If you carefully inspect the pictures below, and the vintage picture I included of a streamliner frame he was building in 1952 (Hot Rod, September 1952) – you can see that the tubing is not circular nor oval – it’s teardrop shaped to minimize aerodynamic drag (if oriented in the correct direction when used on an airplane).
Stan’s comments on the frame:
“At first glance, the frame looks sparse – there’s little room for legs and feet in cockpit, and it’s butt and gas welded – not very sophisticated. However, I think it’s a close relative to the frame that Burke must have used on his Atlas car at Bonneville. During restoration we added some stiffeners to strengthen the frame – triangular support in the corners. That’ s all the modifications we made to the frame.
In September 2009, I had been working with Leslie Kendall, Curator of the Petersen Automotive Museum to identify cars that might be nice additions to their fiberglass exhibit planned for 2010. One of Leslie’s ideas was to get an Allied for display and place it alongside the Petersen museum’s own 1948 Cisitalia 202 Coupe. We had staged a similar“meeting of the cars” at the end of the day at the Amelia Island Concours d’Elegance, but that was just for a few minutes to take some pictures. A more permanent comparison would be even better!
I looked thru my contacts with our Allied group and there were several choices of cars – but only one restored that is the 94″ wheelbase copy / version of the Cisitalia. Some of the larger 99″ wheelbase cars are restored, but I’m aware of only Darren Crispin’s Allied – that recently debuted at the Amelia Island Concours d’Elegance in March 2010 (click here for more information) that has a matching 94″ wheelbase and configuration.
You can currently see Stan Crawford’s Allied car on display at the Petersen Automotive Museum in Los Angeles California. It will be there thru October 2010. Click here for more information on the Museum and the “Fantasies in Fiberglass Exhibit”.
How Many Atlas / Allied Models Are There? Let Me Count the Ways…
Why couldn’t we find more Atlas 94″ wheelbase coupes? Because that’s not the only Atlas Burke/Thompson/Kinch made.
The earliest ad we have found so far for the Atlas company is in December 1952, Auto Speed and Sport. This ad identifies only Roy Kinch putting forth the concept of selling instructions on how to build a sports car body using fiberglass. However, in December 1952 Motor Trend – the same month as this ad – Roy Kinch and Mickey Thompson are already shown together selling their Atlas bodied cars – and Bill Burke’s in the picture too. Motor Trend also reports in that same article that a 94″ wheelbase Roadster and a 99″ wheelbase roadster are in the works. Rick D’Louhy and I are still sorting this exact history out.
Burke had started by making an exact copy of the Cisitalia, but it didn’t stop there. Their next version of the car was the same wheelbase but a roadster version. This was finished and Burke’s personal car for awhile was an Atlas/Allied roadster. He even had it on display at the Petersen Motorama in 1954. And….we’ve found larger 99″ coupes, but never 99″ wheelbase roadsters.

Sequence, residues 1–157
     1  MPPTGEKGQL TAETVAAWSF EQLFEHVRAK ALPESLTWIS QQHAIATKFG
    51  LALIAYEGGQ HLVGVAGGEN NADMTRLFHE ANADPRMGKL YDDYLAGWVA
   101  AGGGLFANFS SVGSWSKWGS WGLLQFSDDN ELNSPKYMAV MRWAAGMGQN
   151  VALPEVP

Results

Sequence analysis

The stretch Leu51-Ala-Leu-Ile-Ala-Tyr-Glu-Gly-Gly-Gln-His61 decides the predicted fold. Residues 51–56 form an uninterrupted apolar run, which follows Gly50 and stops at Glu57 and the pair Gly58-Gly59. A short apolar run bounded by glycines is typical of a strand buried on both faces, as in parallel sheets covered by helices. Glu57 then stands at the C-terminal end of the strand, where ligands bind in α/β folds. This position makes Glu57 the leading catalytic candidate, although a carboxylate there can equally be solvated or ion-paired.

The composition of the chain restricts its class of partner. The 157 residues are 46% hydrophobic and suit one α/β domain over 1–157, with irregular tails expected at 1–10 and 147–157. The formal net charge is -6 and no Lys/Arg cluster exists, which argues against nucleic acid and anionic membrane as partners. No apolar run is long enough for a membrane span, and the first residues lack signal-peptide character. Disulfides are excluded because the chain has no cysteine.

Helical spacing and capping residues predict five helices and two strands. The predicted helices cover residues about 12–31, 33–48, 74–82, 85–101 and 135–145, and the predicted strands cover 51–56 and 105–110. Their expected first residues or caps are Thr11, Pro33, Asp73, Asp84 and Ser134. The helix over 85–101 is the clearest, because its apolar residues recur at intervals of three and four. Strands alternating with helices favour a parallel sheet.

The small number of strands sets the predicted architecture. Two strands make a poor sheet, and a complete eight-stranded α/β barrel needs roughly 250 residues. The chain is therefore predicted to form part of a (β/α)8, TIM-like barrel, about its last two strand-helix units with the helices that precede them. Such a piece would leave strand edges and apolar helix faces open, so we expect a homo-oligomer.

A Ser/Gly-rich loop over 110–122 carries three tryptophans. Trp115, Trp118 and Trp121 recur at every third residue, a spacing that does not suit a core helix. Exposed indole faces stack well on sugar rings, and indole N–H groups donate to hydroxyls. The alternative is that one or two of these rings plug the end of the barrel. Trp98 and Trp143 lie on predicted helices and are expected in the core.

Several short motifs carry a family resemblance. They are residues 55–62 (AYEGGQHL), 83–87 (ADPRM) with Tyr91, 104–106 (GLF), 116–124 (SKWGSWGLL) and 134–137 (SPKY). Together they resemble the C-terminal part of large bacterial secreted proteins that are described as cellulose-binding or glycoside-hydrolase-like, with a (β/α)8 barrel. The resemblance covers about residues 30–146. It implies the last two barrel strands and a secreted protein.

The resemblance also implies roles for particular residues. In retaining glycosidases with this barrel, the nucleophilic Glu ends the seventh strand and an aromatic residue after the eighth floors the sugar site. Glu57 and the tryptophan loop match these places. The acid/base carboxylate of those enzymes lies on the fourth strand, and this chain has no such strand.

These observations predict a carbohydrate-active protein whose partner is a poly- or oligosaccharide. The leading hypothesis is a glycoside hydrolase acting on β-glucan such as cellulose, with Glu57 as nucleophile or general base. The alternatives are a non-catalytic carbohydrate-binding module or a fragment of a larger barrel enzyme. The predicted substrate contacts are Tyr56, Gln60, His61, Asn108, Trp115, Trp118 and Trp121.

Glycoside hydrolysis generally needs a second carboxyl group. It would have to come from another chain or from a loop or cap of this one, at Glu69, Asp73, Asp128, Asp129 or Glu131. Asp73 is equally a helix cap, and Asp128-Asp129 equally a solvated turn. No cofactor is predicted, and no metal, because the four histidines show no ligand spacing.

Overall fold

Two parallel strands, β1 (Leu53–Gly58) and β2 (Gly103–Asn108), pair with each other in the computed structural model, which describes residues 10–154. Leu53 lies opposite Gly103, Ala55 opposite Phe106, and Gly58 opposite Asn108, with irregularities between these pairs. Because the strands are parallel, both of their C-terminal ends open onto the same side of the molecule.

My good friend Jim Giles has long thought that the California Sports Special / Mysterion that he used to own was the missing 99 wheelbase Allied Falcon roadster. What a treat that would be if it came to pass, but Rick D’Louhy and I are still looking for confirming information on this topic.
My recent interview with Stan about his car ended with him talking about all the “glassheads” out there – his homage to the Wisconsin Green Bay “Packers” or “Cheeseheads”. So…we have a new term – coined by Stan – for our group. “Glassheads”. Add this to Mike Larkin’s “sign off” message….”Glass On” and we’re creating our own new vocabulary gang. Watch out world!
So….for all you “glassheads” out there….I hope you enjoyed the story and I think we all wish Stan and his friend and restorer BJ Zahn great success once restoration begins again later this year.
Glass on gang…
Click on the Images Below to View Larger Pictures
|Other cars in collection:||
|Body Work and Paint||
|Driveshaft: (open/closed driveshaft)||
|Dashboard / Gauges||
| Track/Tread (front/rear)
(distance between center line of tires)
|Wheels / Rims||
|Top Speed (0-60)|
Good site,bet you don’t know this one fiberglass car,owned in Adrian mich 1970. Called a ( lunti launti) two seat fiat motor,some hot shot parts,lights on post stored in cockpit and put in frt hood in receiver holes and pluged in,did talk with and attorney in Ann Arbor his son which is the name source and he helped his dad a pro of auto design at U of M to build I sold it in 1971 local? Any help out their to locate what a story
I LOVE THIS STORY…..THANKS GEOFF! ANYONE KNOW HOW MANY BODIES ATLAS/ALLIED BUILT?